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Archive for the ‘Amonix’ Category

I wrote this story for Grist, where it first appeared.

Earlier this week, I wrote about the green evolution in California regarding electric cars. Well, when it comes to solar energy, it’s starting to look more like a revolution.

This week, utility Southern California Edison asked regulators to approve 20-year contracts to buy 250 megawatts of electricity from 20 small-scale photovoltaic farms.

Nothing especially newsworthy about that until you start reading through the document submitted to the California Public Utilities Commission (hat tip to Adam Browning of the Vote Solar Initiative). Turns out that in response to its request for bids, Southern California Edison received offers in excess of 2,500 megawatts.

In other words, there’s a whole lotta solar companies out there eager to generate carbon-free electricity.

And willing to do it relatively cheaply. Southern California Edison noted in its submission letter that the 20 projects — which will generate between 5 and 20 megawatts — will produce electricity at a cost below what utility industry wonks call the “market price referent.” The MPR, as they call it, represents the levelized cost over 20 years of a combined cycle gas turbine like those typically found in natural gas power plants in the Golden State.

So in plain English, the developers of these solar farms have told the utility that they can produce electricity cheaper than a fossil fuel power plant.

The increasing competitiveness of photovoltaic power is a reflection of the steep drop in solar modules prices in recent years, thanks in large part to the rapid expansion of manufacturing capacity by Chinese solar companies. But solar modules themselves typically represent just half the cost of a project, so the growing competitiveness of solar energy probably also is due to developers’ increased efficiency at building power plants and cutting other costs.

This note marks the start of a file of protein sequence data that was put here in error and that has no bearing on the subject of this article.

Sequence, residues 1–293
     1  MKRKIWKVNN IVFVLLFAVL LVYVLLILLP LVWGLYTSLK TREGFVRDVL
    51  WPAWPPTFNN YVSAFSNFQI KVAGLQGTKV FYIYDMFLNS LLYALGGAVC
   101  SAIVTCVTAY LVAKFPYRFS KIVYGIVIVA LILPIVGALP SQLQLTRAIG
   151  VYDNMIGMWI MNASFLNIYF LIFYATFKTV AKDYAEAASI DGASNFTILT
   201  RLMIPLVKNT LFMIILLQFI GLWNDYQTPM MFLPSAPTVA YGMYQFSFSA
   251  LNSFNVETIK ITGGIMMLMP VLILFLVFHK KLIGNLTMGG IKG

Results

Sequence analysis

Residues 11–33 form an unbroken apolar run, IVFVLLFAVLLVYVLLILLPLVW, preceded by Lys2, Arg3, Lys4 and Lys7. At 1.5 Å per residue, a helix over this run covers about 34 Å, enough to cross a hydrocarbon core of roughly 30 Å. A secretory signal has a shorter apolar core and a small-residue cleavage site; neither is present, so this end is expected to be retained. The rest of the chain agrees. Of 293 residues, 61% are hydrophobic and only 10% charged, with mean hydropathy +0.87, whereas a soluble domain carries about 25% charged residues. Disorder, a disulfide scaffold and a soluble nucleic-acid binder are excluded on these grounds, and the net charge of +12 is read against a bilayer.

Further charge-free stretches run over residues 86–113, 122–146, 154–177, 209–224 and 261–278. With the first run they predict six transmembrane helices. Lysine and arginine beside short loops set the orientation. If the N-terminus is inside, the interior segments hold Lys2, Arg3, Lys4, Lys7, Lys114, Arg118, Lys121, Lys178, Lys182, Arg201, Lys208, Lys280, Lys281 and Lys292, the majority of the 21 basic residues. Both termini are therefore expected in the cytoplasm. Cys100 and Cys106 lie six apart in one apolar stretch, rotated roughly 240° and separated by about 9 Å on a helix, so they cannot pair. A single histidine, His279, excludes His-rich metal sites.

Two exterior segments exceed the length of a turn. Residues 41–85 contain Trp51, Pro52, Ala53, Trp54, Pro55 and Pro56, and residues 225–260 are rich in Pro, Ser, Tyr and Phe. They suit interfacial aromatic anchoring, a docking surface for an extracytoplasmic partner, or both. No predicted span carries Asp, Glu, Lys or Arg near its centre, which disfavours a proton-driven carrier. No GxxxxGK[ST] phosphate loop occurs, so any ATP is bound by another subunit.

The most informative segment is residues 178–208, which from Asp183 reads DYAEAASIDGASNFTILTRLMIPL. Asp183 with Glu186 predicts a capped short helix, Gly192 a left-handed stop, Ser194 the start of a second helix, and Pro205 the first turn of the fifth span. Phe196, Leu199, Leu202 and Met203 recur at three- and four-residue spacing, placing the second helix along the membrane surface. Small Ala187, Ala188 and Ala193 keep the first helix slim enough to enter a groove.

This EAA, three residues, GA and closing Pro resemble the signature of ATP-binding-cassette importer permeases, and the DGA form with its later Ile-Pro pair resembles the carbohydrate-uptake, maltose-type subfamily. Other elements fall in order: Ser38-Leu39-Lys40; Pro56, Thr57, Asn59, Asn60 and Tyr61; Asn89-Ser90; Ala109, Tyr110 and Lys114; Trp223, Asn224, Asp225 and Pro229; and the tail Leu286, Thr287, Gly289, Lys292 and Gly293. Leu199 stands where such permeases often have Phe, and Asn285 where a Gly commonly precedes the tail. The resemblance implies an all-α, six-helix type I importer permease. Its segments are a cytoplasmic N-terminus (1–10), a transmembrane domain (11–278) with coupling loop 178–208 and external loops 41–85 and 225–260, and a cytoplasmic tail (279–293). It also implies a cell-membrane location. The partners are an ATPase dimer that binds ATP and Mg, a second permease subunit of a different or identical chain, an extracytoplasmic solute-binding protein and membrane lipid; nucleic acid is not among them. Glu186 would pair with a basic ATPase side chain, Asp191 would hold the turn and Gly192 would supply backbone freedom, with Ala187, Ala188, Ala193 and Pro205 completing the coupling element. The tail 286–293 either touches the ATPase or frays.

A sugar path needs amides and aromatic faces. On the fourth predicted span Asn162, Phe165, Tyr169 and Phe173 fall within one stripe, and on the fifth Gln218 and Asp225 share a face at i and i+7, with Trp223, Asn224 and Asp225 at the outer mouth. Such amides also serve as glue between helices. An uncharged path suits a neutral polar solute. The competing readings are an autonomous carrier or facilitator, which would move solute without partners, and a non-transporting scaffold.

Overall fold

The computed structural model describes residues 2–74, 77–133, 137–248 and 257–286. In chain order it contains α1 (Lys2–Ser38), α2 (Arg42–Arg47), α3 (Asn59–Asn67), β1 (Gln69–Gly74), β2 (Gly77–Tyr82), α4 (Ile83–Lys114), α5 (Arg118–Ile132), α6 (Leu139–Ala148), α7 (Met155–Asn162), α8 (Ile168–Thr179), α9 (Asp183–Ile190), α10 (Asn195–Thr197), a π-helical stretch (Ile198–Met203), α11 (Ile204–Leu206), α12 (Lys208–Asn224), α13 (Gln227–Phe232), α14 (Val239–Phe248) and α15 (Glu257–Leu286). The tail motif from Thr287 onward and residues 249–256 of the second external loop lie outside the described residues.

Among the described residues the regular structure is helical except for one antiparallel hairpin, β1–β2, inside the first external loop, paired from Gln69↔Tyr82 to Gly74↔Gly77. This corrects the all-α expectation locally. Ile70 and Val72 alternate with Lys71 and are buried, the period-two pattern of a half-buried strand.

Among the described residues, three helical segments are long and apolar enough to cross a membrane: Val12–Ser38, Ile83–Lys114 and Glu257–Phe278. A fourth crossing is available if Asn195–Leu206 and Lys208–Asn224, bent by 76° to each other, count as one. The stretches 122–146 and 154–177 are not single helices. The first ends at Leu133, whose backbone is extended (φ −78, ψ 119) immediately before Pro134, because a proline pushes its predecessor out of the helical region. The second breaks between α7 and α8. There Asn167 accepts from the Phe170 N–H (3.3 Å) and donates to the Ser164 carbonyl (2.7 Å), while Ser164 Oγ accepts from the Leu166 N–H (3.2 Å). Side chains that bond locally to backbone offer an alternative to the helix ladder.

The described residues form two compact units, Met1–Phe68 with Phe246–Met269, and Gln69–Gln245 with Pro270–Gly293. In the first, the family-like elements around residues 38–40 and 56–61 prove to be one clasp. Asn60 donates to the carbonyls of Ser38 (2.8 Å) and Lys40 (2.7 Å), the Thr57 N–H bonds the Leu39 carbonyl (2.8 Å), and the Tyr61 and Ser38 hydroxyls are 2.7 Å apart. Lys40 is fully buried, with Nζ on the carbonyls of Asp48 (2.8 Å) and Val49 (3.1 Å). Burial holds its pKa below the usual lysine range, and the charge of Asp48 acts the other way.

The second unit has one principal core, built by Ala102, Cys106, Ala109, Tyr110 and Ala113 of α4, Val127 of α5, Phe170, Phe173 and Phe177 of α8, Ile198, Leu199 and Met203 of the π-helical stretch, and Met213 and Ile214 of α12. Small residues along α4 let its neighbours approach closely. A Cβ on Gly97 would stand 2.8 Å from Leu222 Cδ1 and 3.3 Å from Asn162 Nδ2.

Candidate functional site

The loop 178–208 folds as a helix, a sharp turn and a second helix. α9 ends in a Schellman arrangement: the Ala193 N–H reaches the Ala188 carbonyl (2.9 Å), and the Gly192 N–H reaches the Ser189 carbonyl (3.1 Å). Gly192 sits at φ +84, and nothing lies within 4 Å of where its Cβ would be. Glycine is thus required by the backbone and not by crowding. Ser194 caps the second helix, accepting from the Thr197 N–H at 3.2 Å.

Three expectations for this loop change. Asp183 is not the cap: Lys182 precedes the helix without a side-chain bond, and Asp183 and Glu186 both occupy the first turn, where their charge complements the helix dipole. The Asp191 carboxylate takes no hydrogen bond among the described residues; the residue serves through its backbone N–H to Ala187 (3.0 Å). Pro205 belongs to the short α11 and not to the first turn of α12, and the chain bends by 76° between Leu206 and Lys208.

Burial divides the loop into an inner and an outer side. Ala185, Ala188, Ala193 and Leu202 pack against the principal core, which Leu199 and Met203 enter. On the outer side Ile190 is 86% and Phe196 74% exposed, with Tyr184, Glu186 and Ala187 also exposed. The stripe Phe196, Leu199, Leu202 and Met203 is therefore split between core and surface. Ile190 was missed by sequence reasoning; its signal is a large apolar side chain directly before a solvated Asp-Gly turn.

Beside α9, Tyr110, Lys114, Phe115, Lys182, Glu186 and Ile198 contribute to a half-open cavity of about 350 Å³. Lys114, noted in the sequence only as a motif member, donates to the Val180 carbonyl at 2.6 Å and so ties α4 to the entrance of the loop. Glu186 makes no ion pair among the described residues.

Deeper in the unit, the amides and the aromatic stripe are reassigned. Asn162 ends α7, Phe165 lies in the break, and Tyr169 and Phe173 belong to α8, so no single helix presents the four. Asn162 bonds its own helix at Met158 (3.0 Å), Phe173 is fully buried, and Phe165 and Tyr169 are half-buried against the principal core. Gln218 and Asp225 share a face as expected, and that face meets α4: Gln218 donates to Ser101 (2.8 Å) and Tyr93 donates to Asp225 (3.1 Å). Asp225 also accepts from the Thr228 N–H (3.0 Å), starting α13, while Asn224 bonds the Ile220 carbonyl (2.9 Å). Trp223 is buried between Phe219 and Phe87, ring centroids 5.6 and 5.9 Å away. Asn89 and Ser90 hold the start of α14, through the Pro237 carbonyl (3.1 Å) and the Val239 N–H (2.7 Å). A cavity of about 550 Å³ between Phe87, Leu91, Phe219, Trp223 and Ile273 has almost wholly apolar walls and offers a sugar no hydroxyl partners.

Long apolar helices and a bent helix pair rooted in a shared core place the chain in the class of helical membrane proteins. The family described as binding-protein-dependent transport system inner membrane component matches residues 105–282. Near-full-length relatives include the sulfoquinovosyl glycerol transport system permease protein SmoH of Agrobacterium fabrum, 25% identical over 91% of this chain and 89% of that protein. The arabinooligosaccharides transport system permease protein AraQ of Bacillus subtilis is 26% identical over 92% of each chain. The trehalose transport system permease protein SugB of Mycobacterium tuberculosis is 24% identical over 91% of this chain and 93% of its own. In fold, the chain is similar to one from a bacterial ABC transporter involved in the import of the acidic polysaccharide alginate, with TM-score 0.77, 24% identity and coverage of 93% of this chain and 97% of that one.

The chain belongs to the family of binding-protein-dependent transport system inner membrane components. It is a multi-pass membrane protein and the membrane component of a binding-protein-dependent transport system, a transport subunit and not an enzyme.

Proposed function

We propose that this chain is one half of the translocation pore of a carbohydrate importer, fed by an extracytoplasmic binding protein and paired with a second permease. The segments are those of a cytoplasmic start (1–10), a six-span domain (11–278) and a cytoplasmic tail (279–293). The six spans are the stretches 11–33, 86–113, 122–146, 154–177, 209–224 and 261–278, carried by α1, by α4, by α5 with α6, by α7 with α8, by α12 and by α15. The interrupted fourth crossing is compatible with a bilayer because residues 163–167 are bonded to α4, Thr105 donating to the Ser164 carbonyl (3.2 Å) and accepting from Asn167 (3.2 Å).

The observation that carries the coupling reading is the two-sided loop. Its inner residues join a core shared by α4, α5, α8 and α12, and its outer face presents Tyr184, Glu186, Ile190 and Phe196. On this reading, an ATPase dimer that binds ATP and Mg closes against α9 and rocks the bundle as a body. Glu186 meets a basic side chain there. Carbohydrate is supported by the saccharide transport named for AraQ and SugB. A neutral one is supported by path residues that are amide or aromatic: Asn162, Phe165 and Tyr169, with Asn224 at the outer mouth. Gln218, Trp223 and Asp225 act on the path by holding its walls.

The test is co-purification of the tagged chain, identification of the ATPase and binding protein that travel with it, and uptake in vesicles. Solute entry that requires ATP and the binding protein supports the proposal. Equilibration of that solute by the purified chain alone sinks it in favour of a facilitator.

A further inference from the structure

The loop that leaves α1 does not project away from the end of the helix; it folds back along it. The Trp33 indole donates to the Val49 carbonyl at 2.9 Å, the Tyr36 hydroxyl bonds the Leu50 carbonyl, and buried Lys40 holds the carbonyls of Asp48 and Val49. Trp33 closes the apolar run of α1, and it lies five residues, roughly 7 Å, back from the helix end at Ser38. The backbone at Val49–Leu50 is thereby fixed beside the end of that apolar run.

It was notable that a homegrown technology, concentrating photovoltaics, is among those 20 contracts that came in below the market price referent. Amonix, a Southern California company, will supply the technology for four power plants. The company’s concentrating photovoltaics panels boost electricity production by using plastic lens to focus sunlight on highly efficient solar cells.

The conventional wisdom until recently was the technology was still just too expensive to be commercialized. Guess not.

As Vote Solar’s blog put it, “That’s a lot of solar, at a good price.”

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photo: Amonix

I wrote this story for Reuters, where it first appeared:

As solar panel prices have plummeted over the past year, photovoltaic power plants have become a more attractive option for utilities under pressure to meet renewable energy targets.

Case in point: Late last week utility Southern California Edison announced it had signed contracts for 239.5 megawatts of electricity to be generated by 20 small-scale photovoltaic farms.

“Photovoltaics are definitely more cost competitive than they were just a couple of years ago,” said Mike Marelli, director of contracts for renewable and alternative power at Southern California Edison. “We’re seeing just a wild response to our solicitations for projects.”